C.S. Lewis on the Jokes and Morals in… Shrek?
C.S. Lewis was not one to appreciate the common understanding of children’s literature. He once wrote, “When I was ten I read fairy tales in secret and would have been ashamed if I had been found doing so. Now that I am fifty I read them openly. When I became a man I put away childish things, including the fear of childishness and the desire to be very grown up.”
For Lewis, there were things to learn from these stories and it would be wrong to say that children’s literature only serves to speak to children. Rather, he argued adult literature only speaks to adults:
A man, who has children of his own, said, ‘Ah, I see how you got to that. If you want to please grown-up readers you give them sex, so you thought to yourself, “That won’t do for children, what shall I give them instead? I know! The little blighters like plenty of good eating.” In reality, however, I myself like eating and drinking. I put in what I would have liked to read when I was a child and what I still like reading now that I am in my fifties.
As Shrek turns 20, it might seem odd that a man who died in 1963, nearly four decades before its release, could be seen as the godfather of everyone’s favorite ogre. Yet, upon further inspection C.S. Lewis’ imagination and fictional land of Narnia, his sense of humor, and his morals can be seen are eerily similar to the world of Shrek to the point where selecting Shrek and Shrek 2 director Andrew Adamson to direct the film adaptations of The Lion, the Witch, and the Wardrobe and Prince Caspian appears to be less of a stretch than originally thought.
We have already seen what Lewis thought about fairy tales, but when it comes to fairy tale worlds, one of the first things viewers are made aware of in the world of Shrek is that nearly every fairy tale character ever is there. We see Pinocchio, the Three Little Pigs, the Gingerbread Man, Cinderella, Snow White, and so many others. In Narnia, Lewis takes English schoolchildren and introduces them to Roman fauns, Greek centaurs, a Norse snow queen, talking beavers, and even Father Christmas. This amalgamated cast of characters is what makes Narnia, Narnia, but it’s also what J.R.R. Tolkien hated about The Chronicles.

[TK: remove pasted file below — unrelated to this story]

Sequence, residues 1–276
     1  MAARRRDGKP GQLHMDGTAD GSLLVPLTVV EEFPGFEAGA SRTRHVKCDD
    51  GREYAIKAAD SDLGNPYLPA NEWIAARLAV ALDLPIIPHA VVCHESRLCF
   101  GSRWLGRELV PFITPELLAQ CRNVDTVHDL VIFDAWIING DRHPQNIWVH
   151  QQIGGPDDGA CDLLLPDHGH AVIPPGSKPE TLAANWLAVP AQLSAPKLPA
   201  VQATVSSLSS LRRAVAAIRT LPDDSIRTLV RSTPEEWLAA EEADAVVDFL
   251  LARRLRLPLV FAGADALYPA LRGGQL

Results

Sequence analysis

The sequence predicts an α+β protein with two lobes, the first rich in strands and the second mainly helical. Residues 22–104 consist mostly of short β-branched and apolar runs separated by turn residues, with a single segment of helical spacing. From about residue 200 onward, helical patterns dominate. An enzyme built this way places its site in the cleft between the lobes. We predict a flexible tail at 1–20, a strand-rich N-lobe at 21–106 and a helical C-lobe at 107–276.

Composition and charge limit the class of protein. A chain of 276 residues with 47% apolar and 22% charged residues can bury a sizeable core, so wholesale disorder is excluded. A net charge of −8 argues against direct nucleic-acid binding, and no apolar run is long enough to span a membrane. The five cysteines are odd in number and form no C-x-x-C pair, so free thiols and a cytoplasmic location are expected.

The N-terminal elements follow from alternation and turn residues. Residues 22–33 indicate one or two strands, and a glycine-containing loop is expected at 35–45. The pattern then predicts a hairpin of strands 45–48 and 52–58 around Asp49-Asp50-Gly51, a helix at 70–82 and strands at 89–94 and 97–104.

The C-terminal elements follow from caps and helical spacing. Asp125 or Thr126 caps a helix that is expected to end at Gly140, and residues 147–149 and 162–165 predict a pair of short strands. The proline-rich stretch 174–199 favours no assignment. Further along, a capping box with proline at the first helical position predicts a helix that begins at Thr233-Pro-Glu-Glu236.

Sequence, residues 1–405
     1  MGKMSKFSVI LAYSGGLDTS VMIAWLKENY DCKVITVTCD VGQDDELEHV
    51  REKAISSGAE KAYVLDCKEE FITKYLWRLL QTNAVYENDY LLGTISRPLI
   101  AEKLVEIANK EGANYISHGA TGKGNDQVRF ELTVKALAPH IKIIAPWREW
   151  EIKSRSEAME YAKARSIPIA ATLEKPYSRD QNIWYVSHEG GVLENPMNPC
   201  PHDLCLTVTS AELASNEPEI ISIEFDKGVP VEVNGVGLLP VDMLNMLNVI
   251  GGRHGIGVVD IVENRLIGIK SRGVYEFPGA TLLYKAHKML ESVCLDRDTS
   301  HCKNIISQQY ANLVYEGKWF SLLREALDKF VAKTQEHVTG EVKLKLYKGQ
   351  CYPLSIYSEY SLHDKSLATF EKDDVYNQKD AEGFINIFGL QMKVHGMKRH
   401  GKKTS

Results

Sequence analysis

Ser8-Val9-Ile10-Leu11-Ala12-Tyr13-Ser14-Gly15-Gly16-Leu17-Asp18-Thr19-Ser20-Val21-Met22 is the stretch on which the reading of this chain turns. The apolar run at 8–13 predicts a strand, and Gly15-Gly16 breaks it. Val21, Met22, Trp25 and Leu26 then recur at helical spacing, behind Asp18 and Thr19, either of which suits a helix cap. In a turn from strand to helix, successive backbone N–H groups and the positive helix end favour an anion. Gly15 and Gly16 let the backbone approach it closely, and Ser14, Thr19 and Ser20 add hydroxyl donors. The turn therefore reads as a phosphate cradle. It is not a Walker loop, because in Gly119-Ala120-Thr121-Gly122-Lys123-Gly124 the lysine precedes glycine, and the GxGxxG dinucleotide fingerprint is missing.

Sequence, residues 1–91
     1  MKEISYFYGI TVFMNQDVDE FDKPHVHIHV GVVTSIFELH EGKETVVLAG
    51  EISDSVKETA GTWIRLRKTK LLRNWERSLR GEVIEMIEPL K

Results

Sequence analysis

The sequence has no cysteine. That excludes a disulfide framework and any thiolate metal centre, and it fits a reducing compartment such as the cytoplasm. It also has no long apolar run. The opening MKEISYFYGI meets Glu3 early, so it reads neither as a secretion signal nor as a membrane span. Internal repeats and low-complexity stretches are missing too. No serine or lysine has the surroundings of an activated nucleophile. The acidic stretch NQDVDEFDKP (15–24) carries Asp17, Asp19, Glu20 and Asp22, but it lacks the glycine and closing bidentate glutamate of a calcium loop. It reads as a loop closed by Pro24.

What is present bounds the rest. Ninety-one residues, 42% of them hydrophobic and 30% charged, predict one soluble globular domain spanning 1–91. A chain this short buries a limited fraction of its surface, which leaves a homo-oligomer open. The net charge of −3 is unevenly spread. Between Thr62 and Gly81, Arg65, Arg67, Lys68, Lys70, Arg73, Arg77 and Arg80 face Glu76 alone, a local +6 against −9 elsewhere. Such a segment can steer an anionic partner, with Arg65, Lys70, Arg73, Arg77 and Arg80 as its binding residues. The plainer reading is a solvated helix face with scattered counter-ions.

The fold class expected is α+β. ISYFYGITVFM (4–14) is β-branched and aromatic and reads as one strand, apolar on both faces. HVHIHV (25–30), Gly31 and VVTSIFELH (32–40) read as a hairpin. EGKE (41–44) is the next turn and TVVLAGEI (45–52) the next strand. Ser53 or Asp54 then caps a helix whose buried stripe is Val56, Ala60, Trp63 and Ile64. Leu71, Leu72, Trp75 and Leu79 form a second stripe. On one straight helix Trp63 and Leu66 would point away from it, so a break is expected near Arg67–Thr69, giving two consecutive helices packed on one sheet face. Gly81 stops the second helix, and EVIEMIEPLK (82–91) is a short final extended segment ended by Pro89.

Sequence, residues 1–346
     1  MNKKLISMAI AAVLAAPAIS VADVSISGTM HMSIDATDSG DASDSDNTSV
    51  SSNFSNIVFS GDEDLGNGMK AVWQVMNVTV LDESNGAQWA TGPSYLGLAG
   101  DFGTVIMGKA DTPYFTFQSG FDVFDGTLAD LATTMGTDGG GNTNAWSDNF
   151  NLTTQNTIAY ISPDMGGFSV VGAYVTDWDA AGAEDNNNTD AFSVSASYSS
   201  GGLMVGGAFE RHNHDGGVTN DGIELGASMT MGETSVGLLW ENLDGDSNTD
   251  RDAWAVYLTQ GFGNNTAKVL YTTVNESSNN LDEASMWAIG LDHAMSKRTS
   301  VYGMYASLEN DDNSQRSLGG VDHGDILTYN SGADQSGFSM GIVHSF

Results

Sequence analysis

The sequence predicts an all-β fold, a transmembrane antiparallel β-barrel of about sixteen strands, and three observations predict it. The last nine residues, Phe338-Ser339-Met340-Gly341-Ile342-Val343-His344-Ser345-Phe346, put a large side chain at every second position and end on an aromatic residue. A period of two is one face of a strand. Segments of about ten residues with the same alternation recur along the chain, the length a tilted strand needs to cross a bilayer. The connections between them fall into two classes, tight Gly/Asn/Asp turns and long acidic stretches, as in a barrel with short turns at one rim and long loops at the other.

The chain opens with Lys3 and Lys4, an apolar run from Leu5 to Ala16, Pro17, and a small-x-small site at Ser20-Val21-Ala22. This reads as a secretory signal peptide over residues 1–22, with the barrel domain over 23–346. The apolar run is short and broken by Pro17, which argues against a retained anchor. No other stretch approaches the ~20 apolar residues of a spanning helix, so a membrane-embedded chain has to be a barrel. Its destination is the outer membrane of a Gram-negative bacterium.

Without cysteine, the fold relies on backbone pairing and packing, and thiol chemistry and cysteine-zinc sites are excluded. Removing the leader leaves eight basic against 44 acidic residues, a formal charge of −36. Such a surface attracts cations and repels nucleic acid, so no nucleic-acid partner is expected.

Another thing that drove Tolkien up a wall was Lewis’ willingness to sneak in subtle jokes for adults, much in the same way movies put in jokes for adults for the parent who has to sit through the movie their child wants to see in the theater, at the expense of perfect mythology. When Lucy arrives at the home of Mr. Tumnus he has a collection of books with titles such as Nymphs and their Ways. It is unlikely the 8 or 9-year old reading LWW for the first time knows what a nymph is. Lewis was also poking fun at himself as he was still very much a bachelor who had not yet met Joy Davidman.
Shrek’s adult humor meanwhile is more well known and overt, most notably in Shrek and Donkey’s repeated insinuations that Lord Farquaad has a difficult time pleasing women.
Speaking of Farquaad, it is commonly believed that Farquaad is short and that his name sounds an awful lot like “F***wad” and his castle at Duloc is a spoof of Disneyland because he is supposed to be a representation of Disney’s Michael Eisner, whom Dreamworks’ Jeffrey Katzenberg had a falling out with.
Lewis was less coarse in Prince Caspian, but he did manage to get at his fellow professors when naming a character. Caspian’s tutor Dr. Cornelius asks him to open up his book entitled Grammatical Garden or the Arbour of Accidence pleasantlie open’d to Tender Wits written by a fellow named Pulverulentus Siccus. An etymological breakdown of Pulverulentus Siccus reveals that was the book with the pretentiously long title that is so common in academic works was authored by someone whose name means “dry as dust.”
While Lewis is best known for his Christian apologetics and children’s literature, his day job was a scholar in medieval literature. His magnum opus had a similarly spiffy title in English Literature in the Sixteenth Century: Excluding Drama as part of the Oxford History of English Literature series, or as Lewis simply called it: Ohel.
Of course, it would be wrong to classify Lewis as a simple joke teller or Shrek as just a collection of jokes and fairy tale characters with no moral at the end of the story.
Shrek uses humor to criticize the traditional fairy tale where Prince Charming kisses the princess, which despite them just met, is supposed to convey true love and allow them to live happily ever after. In the sequels we see Shrek and Fiona’s love for each other hold, but not they are not always the happiest of couples. Shrek reminds viewers that it is easy to fall for the good looking one, but real and serious relationships contain a good amount of awkwardness, misunderstandings, and of course, burping and farting.
While some may view jokes about the sounds and smells that come out of human beings as juvenile or the product of some Freudian urge to break social taboos, C.S. Lewis scholar Terry Lindvall — whose works on Lewis’ sense of humor, the role of laughter in Christian life, and the history of religious satire inspired this article — has different idea:
In the Garden of Eden, God placed two jokes, two grand incongruities that make us laugh even today.